The Dartmouth Institute’s Online MPH Program Is Having Immediate Impact on Careers & in Communities


Photos by Lars Blackmore

Just seven months into the online Master of Public Health program at The Dartmouth Institute, the 28 members of the founding class are already taking what they’ve learned out into the field.

During the third residential period of the program from March 20-23, three students —Whitney Hammond, Jeremy Lapeyrouse and Joanna Sullivan—took a few minutes from their busy week to share exactly how they are applying what they’ve learned to achieve their professional goals and lead change in health care. Read their stories below.

Whitney Hammond

Director of the Chronic Disease Prevention and Screening Section, New Hampshire Department of Health and Human Services

Our office partners with local clinics on developing and implementing quality improvement strategies in their practices. What I’ve learned in the online MPH program about coproducing health care has enabled me and my staff to move beyond the idea that quality improvement is just about getting the patient better care through improving provider behavior. Instead, it’s about working better with the patient, and the onus is on both the patient and the provider to be informed and make choices together. 

This realization made me reassess which quality indicators we use to measure success with our partners, especially given the importance of shared decision making. For example, when collecting information on cancer screening, we typically measure whether a provider’s patients had been screened; if “yes,” this is considered a success. However, we haven’t had a way to capture whether the provider had a conversation with his/her patient about screening. So, we would have marked down a provider for saying, “this woman I spoke with actually made the decision not to be screened,” when really this should be counted as a success. While we haven’t yet figured out a perfect way to measure this information, we now know where we can make improvements.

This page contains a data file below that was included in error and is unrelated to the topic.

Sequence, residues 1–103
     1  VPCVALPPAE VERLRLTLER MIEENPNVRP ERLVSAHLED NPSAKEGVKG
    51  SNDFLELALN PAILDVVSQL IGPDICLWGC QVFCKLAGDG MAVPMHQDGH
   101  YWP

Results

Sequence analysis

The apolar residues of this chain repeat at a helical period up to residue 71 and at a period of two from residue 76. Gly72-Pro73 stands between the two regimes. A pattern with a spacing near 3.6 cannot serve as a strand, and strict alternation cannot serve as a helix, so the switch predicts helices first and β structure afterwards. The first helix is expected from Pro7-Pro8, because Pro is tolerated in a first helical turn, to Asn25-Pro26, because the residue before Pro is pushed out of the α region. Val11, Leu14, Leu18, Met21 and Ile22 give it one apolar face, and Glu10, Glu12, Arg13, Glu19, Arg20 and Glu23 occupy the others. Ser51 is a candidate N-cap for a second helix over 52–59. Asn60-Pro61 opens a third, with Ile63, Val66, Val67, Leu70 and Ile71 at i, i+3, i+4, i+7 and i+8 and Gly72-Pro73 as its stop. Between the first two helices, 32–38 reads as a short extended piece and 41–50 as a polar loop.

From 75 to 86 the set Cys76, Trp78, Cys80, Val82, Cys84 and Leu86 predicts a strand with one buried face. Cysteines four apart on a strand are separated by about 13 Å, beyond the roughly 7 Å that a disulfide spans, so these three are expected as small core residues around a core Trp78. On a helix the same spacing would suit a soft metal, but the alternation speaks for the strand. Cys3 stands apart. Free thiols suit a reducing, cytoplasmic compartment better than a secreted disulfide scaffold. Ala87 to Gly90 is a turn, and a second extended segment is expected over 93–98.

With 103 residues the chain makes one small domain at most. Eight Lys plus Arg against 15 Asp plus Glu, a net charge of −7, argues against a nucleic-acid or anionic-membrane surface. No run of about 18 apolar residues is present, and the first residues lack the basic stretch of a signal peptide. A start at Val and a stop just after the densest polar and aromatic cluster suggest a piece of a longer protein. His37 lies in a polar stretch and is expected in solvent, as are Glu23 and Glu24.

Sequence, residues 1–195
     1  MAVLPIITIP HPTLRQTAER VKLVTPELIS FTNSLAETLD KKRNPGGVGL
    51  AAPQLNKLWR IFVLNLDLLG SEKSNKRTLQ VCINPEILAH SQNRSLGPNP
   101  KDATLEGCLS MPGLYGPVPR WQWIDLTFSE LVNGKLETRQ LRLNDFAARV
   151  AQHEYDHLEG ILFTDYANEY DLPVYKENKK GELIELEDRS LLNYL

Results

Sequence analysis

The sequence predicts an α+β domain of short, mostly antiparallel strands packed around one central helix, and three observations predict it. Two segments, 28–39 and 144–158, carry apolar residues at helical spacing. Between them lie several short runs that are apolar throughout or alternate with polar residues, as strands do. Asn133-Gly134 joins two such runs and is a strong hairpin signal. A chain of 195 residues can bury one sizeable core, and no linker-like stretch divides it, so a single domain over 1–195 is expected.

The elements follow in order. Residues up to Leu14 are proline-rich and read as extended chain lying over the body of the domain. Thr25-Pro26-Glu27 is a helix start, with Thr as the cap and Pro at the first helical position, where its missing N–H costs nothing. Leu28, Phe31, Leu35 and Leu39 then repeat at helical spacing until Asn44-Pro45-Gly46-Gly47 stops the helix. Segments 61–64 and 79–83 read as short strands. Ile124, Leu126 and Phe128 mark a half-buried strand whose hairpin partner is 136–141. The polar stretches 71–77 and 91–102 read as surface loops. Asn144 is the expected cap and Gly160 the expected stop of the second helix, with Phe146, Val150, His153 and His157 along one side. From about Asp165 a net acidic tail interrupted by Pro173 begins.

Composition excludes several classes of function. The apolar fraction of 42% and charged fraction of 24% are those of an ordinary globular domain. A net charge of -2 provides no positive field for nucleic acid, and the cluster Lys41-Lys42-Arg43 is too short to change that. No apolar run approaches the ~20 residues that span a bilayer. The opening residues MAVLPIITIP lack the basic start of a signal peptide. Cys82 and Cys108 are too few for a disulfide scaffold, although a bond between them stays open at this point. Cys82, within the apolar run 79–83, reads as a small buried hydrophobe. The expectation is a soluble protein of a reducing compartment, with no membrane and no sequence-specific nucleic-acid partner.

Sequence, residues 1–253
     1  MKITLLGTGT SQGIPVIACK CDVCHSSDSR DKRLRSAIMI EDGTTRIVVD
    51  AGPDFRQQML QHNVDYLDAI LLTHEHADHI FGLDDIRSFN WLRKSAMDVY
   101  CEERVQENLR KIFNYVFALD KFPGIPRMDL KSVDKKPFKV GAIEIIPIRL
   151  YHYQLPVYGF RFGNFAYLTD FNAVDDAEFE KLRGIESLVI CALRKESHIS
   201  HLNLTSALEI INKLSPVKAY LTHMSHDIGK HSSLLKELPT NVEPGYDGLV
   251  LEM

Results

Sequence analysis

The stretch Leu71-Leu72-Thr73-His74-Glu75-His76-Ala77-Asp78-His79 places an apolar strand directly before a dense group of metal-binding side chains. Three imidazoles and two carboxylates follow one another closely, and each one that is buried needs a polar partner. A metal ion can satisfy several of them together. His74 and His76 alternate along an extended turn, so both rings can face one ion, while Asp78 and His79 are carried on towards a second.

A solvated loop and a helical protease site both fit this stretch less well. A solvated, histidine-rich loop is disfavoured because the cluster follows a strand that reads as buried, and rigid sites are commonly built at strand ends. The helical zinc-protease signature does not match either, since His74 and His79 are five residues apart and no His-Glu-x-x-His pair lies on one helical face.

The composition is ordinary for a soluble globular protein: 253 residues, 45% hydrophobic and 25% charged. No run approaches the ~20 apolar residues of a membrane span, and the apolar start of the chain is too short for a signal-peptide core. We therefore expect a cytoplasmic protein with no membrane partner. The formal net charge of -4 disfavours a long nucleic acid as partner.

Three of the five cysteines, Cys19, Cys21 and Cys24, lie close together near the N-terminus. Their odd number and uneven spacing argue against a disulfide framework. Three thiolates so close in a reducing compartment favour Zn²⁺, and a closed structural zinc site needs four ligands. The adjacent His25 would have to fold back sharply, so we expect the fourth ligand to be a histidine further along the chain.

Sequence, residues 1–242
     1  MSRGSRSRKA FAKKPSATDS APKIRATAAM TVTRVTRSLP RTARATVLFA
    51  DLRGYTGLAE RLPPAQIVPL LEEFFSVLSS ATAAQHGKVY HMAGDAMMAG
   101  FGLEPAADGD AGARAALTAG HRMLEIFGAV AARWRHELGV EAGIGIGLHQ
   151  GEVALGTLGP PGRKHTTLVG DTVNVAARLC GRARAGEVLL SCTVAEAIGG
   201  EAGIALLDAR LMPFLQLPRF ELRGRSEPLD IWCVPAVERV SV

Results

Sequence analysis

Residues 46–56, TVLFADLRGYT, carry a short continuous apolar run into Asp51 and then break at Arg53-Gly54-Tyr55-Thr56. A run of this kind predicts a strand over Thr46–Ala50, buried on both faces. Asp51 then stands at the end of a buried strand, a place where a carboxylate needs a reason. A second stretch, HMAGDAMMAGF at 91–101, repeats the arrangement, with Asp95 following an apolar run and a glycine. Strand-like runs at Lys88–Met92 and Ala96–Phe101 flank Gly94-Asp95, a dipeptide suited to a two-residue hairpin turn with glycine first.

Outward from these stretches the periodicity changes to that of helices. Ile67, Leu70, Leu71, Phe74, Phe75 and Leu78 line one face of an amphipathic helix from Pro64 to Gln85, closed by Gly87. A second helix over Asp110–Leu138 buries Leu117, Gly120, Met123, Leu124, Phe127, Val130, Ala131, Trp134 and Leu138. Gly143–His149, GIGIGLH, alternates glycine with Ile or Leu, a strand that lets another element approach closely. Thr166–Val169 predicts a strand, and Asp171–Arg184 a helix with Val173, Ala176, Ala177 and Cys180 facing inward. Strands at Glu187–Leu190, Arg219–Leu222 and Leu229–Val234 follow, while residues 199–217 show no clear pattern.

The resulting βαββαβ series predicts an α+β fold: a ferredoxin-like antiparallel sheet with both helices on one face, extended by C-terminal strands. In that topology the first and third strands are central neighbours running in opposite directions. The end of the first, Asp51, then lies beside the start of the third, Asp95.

Jeremy Lapeyrouse

Health Informatics Consultant, Blue Cross Blue Shield Louisiana

I work on the health care analytics team, where we analyze data on variation in health care utilization such as average length of hospital stays or variation in back procedures. We investigate trends and patterns to understand which procedures may, or may not be, effective in helping to improve patient outcomes. From my studies in the online MPH program, I’ve learned to approach the data with a healthy skepticism and to question how we can do better.

That’s why through my practicum work I want to focus on hotspotting. This is a method coined by Jeff Brenner that focuses on identifying extreme patterns of health care use in a certain geographic area. The goal is to design an intervention to provide better outcomes. For example, if someone is going to the doctor and/or ER several dozen times in a year, that’s a negative outcome for the patient. He or she may not be receiving proper treatment which is probably why they keep going. However, by figuring out a better intervention to provide a better outcome, you could make them healthier and save them a lot of money. I plan to use this theory to study Blue Cross data in Baton Rouge.

Joanna Sullivan

Clinical Research Nurse, Boston Children’s Hospital

In my current role, I work at a clinical and translational study unit at Boston Children’s Hospital where we manage about 200 research studies. Part of my work involves verifying the informed consent and assent process for patient participation in our clinical trials. What I have been studying about health care ethics in the online MPH program is helping me become more adept at managing the ethical and legal aspects of this process, and aligning them with patient and clinician considerations.

I also have a passion for global health. I’ve volunteered in Managua, Nicaragua, with administering tetanus vaccinations. And, last year I worked in Haiti at a Partners in Health Hospital, teaching nurses about infectious diseases and how to educate their nursing staff on protocols and procedures. I can’t wait to apply what I’m learning in the online MPH program to my next endeavor in global health.

04/12 at 04:31 PM in NewsEducation • (0) Comments

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